Sunday, September 23, 2012

Bugging heat on top brass of NSW cops

One of the leading contenders to become the state's next police commissioner "may have participated in police corruption", according to a secret report.

The report, written in 2004, examined complaints against Deputy Commissioner Catherine Burn and other officers while they were working in the Special Crime and Internal Affairs unit. The revelations are contained in the second report of Strike Force Emblems. Two weeks ago The Sun-Herald reported the first report found there may have been "criminal conduct" in the bugging of 100 serving and former police.

The second report found there was no evidence to support criminal or disciplinary charges. The Sun-Herald does not suggest Ms Burn is corrupt. But the report said investigators were denied access to crucial documents.

Internal NSW Police emails have also been obtained that reveal the NSW Police Commissioner, Andrew Scipione, was told of possible corruption in SCIA more than a decade ago.

One email to Mr Scipione included an allegation that SCIA allowed a heroin dealer to continue selling drugs on the northern beaches - potentially causing deaths - so the special crime unit might have more time to entrap corrupt police.

It said there was a concern some of the dealer's customers had "injected the product and subsequently died".

Mr Scipione forwarded the email to the then deputy commissioner, Ken Moroney, noting it raised "some very serious concerns".

On Friday The Sun-Herald sent a series of questions to Mr Scipione. He refused to answer them, saying: "It would be totally inappropriate to comment on any matter currently the subject of a review by the Inspector of the Police Integrity Commission."

Ms Burn also refused to comment.

Mr Scipione has previously said he has not read reports by Emblems.

However, the revelations will put further pressure on the government for an independent judicial inquiry into the activities of SCIA, set up in the late 1990s to root out corruption.

The report is one of at least two by Emblems. It was set up in mid-2003 to investigate allegations of wrongdoing by officers within SCIA who worked under the umbrella of the secretive NSW Crime Commission.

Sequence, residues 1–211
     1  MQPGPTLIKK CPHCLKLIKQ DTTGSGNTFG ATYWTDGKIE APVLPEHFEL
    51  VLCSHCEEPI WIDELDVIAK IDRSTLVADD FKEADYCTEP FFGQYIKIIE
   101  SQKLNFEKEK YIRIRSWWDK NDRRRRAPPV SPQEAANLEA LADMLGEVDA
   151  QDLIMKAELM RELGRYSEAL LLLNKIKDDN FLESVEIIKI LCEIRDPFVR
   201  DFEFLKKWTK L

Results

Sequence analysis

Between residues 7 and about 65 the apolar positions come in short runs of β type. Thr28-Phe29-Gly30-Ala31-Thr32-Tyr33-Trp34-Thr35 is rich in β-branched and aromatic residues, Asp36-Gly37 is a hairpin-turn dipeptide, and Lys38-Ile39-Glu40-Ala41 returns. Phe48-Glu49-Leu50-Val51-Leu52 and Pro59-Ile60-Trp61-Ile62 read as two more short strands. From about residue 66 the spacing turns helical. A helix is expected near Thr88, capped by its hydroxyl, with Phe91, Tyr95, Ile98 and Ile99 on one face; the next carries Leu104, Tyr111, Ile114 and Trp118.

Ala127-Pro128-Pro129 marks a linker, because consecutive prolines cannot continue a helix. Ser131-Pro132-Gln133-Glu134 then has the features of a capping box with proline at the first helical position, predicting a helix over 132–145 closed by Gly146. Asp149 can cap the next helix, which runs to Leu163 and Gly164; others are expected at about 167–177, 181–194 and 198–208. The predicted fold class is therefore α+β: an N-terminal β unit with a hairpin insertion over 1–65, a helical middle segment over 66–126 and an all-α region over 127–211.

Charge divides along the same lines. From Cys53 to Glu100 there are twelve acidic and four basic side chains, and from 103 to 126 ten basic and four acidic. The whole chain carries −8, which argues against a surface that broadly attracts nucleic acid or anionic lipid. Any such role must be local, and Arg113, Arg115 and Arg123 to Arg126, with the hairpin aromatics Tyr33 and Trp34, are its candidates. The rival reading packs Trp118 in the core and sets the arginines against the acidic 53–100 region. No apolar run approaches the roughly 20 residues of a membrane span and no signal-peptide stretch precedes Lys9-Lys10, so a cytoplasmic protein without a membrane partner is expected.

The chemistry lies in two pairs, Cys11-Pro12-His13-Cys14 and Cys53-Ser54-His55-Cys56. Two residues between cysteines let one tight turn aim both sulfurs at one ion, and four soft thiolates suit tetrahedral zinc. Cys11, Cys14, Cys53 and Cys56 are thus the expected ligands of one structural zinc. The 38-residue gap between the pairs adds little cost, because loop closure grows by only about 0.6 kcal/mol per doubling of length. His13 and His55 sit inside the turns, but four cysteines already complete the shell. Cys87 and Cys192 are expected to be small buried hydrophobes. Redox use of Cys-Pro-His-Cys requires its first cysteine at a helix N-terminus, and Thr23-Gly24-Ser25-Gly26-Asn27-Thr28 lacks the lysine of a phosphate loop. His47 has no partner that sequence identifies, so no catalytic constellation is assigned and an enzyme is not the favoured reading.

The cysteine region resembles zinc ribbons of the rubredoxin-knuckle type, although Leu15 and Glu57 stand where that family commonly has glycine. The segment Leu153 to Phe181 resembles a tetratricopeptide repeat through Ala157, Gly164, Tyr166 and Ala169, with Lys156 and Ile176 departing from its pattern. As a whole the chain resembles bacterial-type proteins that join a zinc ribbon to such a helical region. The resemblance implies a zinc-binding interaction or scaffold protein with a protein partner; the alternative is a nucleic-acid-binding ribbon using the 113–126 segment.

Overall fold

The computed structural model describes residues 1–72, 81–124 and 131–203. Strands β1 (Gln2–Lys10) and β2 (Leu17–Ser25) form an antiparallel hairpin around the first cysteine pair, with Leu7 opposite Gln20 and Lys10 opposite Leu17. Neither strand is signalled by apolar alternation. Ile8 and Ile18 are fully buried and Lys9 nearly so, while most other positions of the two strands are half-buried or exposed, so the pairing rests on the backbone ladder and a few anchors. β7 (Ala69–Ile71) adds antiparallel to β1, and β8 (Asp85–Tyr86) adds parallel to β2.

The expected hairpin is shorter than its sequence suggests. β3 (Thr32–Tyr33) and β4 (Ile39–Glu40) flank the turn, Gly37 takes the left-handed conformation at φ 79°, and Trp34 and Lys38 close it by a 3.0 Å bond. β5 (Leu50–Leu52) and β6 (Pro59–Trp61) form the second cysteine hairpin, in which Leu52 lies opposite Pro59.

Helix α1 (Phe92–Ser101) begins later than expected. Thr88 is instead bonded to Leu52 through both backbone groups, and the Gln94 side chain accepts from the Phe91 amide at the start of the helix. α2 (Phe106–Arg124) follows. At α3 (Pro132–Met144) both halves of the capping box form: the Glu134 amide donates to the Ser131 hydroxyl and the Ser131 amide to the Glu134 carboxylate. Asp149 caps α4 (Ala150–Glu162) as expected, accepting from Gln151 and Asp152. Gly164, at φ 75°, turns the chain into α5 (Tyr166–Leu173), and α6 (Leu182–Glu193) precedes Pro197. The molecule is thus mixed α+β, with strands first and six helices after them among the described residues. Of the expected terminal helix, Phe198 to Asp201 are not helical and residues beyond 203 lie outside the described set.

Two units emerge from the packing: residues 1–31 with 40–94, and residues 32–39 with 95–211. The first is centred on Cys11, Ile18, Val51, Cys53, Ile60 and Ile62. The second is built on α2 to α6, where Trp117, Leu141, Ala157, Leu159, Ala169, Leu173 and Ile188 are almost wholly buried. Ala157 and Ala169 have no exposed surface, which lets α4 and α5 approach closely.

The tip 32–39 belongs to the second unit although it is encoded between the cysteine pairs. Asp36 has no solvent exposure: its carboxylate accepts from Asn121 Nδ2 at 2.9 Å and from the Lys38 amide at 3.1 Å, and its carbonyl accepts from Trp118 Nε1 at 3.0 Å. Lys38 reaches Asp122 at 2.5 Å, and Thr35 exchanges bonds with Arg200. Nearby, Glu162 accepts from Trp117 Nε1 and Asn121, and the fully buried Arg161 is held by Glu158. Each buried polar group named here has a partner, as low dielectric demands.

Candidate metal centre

Two weeks ago The Sun-Herald revealed that the first report found "criminal conduct" and revenge may have been behind an SCIA and crime commission operation that involved the bugging of the police officers.

Ms Burn was a team leader within SCIA at the time of the bugging. One of the officers she and her colleagues secretly investigated and recorded was Nick Kaldas, now the other deputy commissioner. Both are potential successors to Mr Scipione.

The second Emblems report looked at whether police attached to SCIA, including Ms Burn, induced a criminal to breach his bail in a bid to gather evidence on a police officer.

It also investigated whether the same criminal was "influenced" by SCIA officers to "perjure himself, under oath, by giving false and misleading evidence". Under the heading "Code of conduct and ethics", the second report says: "In the absence of any further evidence or information, it appears on face value … involved officers within this complaint may have participated in police corruption as defined by the NSW Police code of conduct and ethics. Within this code, it is incumbent upon police officers to report allegations of suspected corruption".

Under the heading "Police involved" it names Ms Burn and three other officers, all of whom have been promoted. One is now a member of the Australian Federal Police.